Shigeki Nanjo, Wei Wu, Niki Karachaliou, Collin M. Blakely, Junji Suzuki, Yu-Ting Chou, Siraj M. Ali, D. Lucas Kerr, Victor R. Olivas, Jonathan Shue, Julia Rotow, Manasi K. Mayekar, Franziska Haderk, Nilanjana Chatterjee, Anatoly Urisman, Jia Chi Yeo, Anders J. Skanderup, Aaron C. Tan, Wai Leong Tam, Oscar Arrieta, Kazuyoshi Hosomichi, Akihiro Nishiyama, Seiji Yano, Yuriy Kirichok, Daniel S.W. Tan, Rafael Rosell, Ross A. Okimoto, Trever G. Bivona
The encoding of noxious stimuli into action potential firing is largely mediated by nociceptive free nerve endings. Tissue inflammation, by changing the intrinsic properties of the nociceptive endings, leads to nociceptive hyperexcitability, and thus to the development of inflammatory pain. Here, we showed that tissue inflammation-induced activation of the mammalian target of rapamycin complex 2 (mTORC2) triggers changes in the architecture of nociceptive terminals and leads to inflammatory pain. Pharmacological activation of mTORC2 induced elongation and branching of nociceptor peripheral endings and caused long-lasting pain hypersensitivity. Conversely, nociceptor-specific deletion of the mTORC2 regulatory protein, Rictor, prevented inflammation-induced elongation and branching of cutaneous nociceptive fibers and attenuated inflammatory pain hypersensitivity. Computational modelling demonstrated that mTORC2-mediated structural changes in the nociceptive terminal tree are sufficient to increase the excitability of nociceptors. Targeting mTORC2 using a single injection of antisense oligonucleotide against Rictor provided long-lasting alleviation of inflammatory pain hypersensitivity. Collectively, we showed that tissue inflammation-induced activation of mTORC2 causes structural plasticity of nociceptive free nerve endings in the epidermis and inflammatory hyperalgesia, representing a therapeutic target for inflammatory pain.
Calvin Wong, Omer Barkai, Feng Wang, Carolina Thörn Pérez, Shaya Lev, Weihua Cai, Shannon Tansley, Noosha Yousefpour, Mehdi Hooshmandi, Kevin C. Lister, Mariam Latif, A. Claudio Cuello, Masha Prager-Khoutorsky, Jeffrey S. Mogil, Philippe Séguéla, Yves De Koninck, Alfredo Ribeiro-da-Silva, Alexander M. Binshtok, Arkady Khoutorsky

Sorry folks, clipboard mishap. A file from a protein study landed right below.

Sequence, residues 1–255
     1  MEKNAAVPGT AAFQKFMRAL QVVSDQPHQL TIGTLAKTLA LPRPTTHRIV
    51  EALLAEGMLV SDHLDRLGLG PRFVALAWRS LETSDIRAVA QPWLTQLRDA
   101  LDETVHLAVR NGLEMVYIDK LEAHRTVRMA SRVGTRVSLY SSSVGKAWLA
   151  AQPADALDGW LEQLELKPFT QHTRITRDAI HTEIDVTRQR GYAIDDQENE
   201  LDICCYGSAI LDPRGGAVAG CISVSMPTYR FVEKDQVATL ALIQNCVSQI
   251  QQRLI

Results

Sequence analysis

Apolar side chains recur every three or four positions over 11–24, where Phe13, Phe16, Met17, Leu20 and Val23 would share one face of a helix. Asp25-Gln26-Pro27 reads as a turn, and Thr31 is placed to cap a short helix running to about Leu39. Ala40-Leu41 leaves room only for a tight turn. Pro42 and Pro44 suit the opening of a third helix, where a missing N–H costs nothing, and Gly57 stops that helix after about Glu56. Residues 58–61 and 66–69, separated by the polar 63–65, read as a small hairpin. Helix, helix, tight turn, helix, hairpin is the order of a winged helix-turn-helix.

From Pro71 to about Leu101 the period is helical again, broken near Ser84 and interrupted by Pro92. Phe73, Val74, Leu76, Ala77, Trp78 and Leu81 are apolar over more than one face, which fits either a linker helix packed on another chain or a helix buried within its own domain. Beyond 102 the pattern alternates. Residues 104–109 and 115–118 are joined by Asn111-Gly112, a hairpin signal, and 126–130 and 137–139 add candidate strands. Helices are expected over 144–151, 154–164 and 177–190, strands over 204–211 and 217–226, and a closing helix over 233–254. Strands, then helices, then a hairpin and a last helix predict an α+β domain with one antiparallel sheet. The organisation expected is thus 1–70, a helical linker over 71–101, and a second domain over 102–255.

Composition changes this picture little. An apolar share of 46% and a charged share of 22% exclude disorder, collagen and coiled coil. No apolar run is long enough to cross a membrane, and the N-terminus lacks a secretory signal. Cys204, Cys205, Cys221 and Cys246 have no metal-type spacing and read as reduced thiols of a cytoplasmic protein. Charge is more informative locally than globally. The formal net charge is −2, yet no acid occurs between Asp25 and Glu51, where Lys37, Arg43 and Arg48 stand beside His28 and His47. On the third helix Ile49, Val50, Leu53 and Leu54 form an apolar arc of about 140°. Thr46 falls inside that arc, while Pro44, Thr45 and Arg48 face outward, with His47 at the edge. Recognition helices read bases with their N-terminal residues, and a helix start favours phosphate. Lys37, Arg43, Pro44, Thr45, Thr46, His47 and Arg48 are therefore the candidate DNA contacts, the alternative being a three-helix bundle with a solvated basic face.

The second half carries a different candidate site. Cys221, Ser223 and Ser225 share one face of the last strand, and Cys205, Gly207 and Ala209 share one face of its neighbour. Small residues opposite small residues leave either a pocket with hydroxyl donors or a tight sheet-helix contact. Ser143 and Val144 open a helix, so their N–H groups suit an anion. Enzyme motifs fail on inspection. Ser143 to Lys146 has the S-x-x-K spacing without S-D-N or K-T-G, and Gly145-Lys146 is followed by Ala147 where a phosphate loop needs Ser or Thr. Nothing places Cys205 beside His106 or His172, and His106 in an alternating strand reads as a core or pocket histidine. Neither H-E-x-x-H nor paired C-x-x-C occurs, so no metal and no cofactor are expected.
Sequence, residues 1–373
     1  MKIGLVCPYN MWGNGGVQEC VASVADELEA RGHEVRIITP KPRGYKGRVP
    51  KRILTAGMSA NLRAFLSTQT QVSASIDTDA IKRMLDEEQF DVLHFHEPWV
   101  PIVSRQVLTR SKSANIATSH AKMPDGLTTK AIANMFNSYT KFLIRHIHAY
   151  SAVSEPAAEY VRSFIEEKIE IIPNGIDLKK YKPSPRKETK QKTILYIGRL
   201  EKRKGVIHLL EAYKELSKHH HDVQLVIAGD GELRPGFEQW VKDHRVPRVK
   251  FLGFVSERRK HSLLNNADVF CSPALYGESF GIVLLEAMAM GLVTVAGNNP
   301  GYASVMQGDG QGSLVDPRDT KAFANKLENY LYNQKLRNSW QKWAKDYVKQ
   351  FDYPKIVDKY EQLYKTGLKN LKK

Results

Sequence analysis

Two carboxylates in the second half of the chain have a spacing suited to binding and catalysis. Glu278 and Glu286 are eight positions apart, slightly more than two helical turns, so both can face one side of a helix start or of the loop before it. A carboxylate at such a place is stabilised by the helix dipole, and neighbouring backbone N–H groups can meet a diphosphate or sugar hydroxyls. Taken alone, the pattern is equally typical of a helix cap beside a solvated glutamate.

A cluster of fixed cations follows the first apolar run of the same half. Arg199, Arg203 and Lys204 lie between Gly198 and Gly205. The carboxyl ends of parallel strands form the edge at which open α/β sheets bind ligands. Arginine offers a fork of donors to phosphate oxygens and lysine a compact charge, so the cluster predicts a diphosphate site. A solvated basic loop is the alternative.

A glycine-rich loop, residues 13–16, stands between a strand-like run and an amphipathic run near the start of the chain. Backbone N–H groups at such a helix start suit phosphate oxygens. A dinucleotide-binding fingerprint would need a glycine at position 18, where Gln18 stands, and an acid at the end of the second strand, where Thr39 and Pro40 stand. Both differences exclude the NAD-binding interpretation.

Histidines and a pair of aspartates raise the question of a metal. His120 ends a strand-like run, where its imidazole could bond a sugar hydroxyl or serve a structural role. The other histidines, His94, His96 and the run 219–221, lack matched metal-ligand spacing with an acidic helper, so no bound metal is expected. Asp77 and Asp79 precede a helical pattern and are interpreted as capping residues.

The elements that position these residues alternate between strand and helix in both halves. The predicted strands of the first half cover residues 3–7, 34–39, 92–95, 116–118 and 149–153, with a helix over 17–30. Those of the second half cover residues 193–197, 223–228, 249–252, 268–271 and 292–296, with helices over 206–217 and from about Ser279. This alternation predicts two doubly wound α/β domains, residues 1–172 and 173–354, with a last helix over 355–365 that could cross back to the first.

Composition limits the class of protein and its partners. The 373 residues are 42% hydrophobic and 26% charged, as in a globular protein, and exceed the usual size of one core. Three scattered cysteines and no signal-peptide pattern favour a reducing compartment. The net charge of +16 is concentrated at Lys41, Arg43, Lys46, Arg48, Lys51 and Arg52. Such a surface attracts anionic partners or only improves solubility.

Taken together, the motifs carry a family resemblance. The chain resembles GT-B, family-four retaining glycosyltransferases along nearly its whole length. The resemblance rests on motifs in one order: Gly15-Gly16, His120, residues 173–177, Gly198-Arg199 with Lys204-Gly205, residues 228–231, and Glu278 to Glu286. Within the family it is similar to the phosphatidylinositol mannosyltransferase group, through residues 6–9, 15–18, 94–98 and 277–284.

Lymph node (LN) metastasis occurs frequently in pancreatic ductal adenocarcinoma (PDAC) and predicts poor prognosis for patients. The KRASG12D mutation confers an aggressive PDAC phenotype that is susceptible to lymphatic dissemination. However, the regulatory mechanism underlying KRASG12D mutation-driven LN metastasis in PDAC remains unclear. Herein, we identified that PDAC with KRASG12D mutation (KRASG12D PDAC) sustained extracellular vesicle (EV)-mediated transmission of hnRNPA1 in a SUMOylation-dependent manner and promoted lymphangiogenesis and LN metastasis in vitro and in vivo. Mechanistically, hnRNPA1 bound with SUMO2 at the lysine 113 residue via KRASG12D-induced hyperactivation of SUMOylation, which enabled its interaction with TSG101 to enhance hnRNPA1 packaging and transmission via EVs. Subsequently, SUMOylation induced EV-packaged hnRNPA1 anchoring to the adenylate and uridylate-rich elements of PROX1 in lymphatic endothelial cells, thus stabilizing PROX1 mRNA. Importantly, impeding SUMOylation of EV-packaged hnRNPA1 dramatically inhibited LN metastasis of KRASG12D PDAC in a genetically engineered KrasG12D/+; Trp53R172H/+; Pdx-1-Cre (KPC) mice model. Our findings highlight the mechanism by which KRAS mutant-driven SUMOylation triggers EV-packaged hnRNPA1 transmission to promote lymphangiogenesis and LN metastasis, shedding light on the potential application of hnRNPA1 as a therapeutic target in patients with KRASG12D PDAC.
Yuming Luo, Zhihua Li, Yao Kong, Wang He, Hanhao Zheng, Mingjie An, Yan Lin, Dingwen Zhang, Jiabin Yang, Yue Zhao, Changhao Chen, Rufu Chen